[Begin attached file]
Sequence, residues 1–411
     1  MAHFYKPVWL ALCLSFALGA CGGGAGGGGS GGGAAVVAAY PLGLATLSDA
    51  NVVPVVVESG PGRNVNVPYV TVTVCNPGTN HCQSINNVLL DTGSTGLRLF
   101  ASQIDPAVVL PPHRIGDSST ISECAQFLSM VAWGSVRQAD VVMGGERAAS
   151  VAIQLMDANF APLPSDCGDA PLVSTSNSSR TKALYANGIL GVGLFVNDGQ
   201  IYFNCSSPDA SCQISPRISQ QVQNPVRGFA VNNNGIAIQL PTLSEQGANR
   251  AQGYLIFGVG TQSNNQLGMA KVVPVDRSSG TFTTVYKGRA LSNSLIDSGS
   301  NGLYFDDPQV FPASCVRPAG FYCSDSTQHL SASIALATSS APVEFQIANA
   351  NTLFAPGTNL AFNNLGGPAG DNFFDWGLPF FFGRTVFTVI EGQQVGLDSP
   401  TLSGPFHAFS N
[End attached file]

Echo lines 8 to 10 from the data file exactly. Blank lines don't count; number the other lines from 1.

   301  NGLYFDDPQV FPASCVRPAG FYCSDSTQHL SASIALATSS APVEFQIANA
   351  NTLFAPGTNL AFNNLGGPAG DNFFDWGLPF FFGRTVFTVI EGQQVGLDSP
   401  TLSGPFHAFS N